Are the accounting practices of insurers sufficiently transparent?

Are the accounting practices of insurers sufficiently transparent?

The European Insurance and Occupational Pensions Authority (EIOPA) warns that insurers' accounting practices are too opaque and fail to highlight the damage caused by low interest rates. Adam Bogdanor of Berwin Leighton Paisner suggests how the risks could be minimised.

Original news

Insurers' accounts hide the dangers of interest rates, LNB News 13/12/2013 1

Financial Times, 13 December 2013: Insurers' accounts are failing to show the effect of persistently low interest rates, a European regulator has warned. The comments were made after a 15 year project to reform the sector was halted by a dispute between the insurance sector and regulators.

What are the regulators' concerns?

In its second half 2013 financial stability report, EIOPA says the main risks facing European insurers are mostly unchanged and their financial position is relatively stable. However, challenges remain. EIOPA describes the 'most prominent risk' as being low interest rates, which is a particular issue for life insurers and occupational pension funds.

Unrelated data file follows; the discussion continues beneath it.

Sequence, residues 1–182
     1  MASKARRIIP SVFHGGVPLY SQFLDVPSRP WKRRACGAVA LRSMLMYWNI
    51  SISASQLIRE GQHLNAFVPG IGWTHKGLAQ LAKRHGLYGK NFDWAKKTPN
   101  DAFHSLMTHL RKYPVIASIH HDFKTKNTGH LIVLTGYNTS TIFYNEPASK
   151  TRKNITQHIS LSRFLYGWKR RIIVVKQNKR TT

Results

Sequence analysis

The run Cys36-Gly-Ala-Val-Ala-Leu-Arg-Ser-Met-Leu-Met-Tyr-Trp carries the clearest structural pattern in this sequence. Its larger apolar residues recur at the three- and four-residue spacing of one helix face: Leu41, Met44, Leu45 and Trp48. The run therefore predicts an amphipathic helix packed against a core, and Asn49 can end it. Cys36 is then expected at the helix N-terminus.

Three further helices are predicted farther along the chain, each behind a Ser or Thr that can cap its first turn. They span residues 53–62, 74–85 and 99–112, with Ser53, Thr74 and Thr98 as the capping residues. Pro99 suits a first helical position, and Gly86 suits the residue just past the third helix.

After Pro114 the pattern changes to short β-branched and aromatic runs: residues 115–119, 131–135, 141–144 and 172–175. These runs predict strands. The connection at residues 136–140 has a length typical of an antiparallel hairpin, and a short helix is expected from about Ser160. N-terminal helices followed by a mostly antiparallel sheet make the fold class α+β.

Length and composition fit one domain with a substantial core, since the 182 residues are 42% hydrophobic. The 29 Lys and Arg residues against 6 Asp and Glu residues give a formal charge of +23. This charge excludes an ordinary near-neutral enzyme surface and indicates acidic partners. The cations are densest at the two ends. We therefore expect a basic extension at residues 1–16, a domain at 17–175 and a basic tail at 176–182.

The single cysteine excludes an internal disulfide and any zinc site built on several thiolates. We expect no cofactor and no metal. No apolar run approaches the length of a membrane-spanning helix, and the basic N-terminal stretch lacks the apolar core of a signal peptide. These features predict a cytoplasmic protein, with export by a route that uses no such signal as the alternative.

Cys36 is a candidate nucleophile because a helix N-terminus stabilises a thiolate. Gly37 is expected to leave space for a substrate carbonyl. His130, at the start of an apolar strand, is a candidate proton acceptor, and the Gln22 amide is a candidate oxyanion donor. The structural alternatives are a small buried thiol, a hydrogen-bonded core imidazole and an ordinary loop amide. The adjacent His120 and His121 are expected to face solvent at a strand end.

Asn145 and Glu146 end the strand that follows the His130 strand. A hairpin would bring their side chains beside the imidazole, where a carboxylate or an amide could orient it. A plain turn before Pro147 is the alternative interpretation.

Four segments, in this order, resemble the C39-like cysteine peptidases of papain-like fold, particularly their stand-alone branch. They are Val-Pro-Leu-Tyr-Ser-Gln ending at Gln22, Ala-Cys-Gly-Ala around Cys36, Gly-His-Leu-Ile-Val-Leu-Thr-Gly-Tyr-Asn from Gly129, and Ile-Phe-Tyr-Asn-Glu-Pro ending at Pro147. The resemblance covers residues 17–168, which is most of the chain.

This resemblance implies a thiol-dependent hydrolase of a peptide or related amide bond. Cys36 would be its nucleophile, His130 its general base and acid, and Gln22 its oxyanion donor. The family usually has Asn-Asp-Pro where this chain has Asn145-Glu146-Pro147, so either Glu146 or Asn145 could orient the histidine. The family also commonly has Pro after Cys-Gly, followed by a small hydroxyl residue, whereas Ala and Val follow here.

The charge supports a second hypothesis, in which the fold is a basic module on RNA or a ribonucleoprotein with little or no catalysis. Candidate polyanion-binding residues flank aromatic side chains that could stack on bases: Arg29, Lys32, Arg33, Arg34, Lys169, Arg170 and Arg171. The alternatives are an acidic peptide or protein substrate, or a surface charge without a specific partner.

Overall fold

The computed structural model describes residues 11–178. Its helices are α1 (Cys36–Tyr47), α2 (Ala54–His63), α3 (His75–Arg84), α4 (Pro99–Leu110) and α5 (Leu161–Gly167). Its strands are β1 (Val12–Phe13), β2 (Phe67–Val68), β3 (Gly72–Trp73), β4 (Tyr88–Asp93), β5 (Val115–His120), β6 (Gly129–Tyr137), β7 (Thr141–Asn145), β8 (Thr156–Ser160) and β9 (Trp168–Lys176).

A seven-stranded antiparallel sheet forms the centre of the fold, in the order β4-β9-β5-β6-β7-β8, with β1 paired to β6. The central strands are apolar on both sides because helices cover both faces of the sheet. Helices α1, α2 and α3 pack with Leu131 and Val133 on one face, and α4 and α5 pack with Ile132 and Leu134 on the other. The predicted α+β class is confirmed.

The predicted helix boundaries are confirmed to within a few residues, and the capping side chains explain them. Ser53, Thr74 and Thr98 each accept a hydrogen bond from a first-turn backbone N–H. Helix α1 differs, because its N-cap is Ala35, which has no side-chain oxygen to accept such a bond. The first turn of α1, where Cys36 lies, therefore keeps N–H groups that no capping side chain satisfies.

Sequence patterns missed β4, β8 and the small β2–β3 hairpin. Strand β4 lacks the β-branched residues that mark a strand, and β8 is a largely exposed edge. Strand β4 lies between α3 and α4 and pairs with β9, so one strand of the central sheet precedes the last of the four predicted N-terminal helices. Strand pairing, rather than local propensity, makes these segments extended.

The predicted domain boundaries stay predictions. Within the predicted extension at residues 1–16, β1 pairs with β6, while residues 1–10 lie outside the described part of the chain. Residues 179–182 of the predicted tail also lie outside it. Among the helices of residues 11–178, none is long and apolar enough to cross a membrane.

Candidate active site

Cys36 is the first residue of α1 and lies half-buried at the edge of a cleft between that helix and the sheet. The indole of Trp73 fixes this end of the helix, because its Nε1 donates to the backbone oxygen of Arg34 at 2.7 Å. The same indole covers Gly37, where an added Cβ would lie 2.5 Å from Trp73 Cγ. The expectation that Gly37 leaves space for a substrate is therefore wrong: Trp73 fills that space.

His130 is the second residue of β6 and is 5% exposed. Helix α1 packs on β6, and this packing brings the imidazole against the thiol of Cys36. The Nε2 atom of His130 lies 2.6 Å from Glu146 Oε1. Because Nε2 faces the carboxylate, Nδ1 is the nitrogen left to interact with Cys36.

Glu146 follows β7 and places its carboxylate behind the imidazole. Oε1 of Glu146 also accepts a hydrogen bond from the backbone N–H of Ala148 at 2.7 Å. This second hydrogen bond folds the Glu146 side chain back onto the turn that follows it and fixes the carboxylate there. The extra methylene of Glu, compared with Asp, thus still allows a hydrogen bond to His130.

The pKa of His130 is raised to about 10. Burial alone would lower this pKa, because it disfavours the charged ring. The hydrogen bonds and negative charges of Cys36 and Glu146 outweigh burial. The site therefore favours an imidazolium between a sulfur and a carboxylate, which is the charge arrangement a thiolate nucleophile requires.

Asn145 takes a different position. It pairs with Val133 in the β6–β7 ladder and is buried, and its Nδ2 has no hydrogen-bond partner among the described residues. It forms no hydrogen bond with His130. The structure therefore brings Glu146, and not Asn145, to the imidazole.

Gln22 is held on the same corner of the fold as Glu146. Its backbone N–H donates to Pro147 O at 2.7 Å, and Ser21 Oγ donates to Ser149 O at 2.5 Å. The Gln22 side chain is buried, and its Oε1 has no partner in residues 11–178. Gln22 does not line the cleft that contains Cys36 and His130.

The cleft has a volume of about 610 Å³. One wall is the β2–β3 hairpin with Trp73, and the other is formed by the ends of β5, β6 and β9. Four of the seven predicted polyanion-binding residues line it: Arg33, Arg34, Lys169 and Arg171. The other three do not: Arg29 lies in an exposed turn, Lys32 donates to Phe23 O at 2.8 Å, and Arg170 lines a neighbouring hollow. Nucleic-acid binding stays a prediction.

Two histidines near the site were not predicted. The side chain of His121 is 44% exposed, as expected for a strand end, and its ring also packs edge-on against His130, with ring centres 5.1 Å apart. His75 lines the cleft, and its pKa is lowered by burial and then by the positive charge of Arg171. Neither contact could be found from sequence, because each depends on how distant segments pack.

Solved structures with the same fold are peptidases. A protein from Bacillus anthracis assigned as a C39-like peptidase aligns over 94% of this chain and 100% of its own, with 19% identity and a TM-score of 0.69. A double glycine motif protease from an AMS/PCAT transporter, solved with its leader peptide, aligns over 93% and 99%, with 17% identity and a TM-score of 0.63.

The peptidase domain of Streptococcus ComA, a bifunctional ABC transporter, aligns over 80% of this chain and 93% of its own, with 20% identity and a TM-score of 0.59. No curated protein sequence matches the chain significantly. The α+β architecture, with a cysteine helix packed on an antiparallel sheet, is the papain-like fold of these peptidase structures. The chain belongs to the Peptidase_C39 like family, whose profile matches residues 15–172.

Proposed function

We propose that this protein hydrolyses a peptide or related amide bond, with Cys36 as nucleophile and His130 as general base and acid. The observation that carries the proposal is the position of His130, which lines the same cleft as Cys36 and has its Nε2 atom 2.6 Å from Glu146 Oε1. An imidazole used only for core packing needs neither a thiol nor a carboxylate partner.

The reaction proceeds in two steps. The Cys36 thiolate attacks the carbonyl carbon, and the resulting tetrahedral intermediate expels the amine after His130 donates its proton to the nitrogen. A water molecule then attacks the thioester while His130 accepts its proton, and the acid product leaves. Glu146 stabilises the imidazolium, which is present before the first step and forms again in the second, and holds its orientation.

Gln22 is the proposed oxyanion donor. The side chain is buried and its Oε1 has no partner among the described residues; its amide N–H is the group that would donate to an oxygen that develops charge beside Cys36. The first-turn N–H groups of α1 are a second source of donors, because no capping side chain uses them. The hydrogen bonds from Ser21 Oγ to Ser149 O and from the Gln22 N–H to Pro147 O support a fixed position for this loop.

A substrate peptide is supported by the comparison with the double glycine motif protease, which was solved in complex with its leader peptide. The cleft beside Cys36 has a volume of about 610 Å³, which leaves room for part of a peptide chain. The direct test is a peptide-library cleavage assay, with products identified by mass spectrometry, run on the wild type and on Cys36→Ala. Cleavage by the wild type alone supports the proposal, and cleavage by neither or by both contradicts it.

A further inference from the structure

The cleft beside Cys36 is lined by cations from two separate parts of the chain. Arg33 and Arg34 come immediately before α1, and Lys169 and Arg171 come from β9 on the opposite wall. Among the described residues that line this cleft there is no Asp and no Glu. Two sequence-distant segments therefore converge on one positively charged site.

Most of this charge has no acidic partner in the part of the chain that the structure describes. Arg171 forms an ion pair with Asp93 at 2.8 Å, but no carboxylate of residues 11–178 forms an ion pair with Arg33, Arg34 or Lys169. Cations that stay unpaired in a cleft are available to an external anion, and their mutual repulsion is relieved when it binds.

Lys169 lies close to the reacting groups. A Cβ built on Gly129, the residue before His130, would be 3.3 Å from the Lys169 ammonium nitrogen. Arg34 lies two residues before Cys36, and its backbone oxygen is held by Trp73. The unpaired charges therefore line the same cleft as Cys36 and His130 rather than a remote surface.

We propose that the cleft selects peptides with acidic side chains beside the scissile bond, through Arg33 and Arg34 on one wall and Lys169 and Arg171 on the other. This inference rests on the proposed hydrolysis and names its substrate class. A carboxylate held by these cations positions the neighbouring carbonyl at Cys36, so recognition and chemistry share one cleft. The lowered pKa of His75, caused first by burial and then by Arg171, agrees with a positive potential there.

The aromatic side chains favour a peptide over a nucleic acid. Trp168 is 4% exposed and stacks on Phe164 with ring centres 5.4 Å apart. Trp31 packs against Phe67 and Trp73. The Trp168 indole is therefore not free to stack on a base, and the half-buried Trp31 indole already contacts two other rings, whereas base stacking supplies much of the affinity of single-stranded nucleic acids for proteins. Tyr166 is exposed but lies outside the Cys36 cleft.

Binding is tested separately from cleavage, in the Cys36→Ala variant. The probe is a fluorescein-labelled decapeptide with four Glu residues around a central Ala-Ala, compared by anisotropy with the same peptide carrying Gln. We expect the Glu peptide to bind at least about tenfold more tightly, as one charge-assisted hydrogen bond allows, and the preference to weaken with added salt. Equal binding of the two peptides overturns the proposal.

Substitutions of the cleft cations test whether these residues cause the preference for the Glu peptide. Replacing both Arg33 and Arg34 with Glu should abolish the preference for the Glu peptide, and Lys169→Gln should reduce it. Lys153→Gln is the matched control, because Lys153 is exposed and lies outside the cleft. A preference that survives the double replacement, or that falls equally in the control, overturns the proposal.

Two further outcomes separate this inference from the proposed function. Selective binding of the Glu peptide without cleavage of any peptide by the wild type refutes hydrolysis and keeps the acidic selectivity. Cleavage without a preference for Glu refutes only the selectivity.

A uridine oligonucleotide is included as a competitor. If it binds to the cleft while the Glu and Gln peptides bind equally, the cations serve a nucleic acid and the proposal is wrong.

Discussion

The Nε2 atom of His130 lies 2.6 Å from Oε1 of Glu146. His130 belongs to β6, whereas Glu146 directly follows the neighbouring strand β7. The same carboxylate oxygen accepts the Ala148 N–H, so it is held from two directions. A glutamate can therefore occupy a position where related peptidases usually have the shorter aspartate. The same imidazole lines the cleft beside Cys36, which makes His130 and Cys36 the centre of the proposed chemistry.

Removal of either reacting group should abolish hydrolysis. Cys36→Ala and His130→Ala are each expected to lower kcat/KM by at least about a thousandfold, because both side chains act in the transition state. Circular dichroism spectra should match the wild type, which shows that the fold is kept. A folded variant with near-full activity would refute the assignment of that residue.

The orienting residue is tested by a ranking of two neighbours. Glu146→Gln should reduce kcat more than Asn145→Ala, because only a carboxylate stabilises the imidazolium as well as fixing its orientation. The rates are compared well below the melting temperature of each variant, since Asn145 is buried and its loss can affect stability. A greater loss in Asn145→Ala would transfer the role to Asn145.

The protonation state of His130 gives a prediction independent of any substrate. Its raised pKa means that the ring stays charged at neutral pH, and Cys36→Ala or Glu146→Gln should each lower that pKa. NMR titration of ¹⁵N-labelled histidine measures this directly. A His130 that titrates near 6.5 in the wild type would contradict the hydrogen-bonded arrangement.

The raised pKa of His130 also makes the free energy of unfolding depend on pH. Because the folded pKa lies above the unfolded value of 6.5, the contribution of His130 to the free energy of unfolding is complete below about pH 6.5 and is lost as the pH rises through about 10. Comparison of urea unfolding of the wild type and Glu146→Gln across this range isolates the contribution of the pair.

What are the main difficulties insurance companies face due to low interest rates?

Low interest rates create a number of issues for insurers, especially life insurers which offer guarantees to policyholders:

  • the lower the interest rates, the higher the premium required to fund the same level of policyholder benefits
  • lower interest rates generally mean lower policy benefits such as annuity rates for the same level of premium, reducing demand for the product
  • the duration of a life insurer's assets are often shorter than its liabilities (a significant issue in Germany) and this duration mismatch means a decline in interest rates increa

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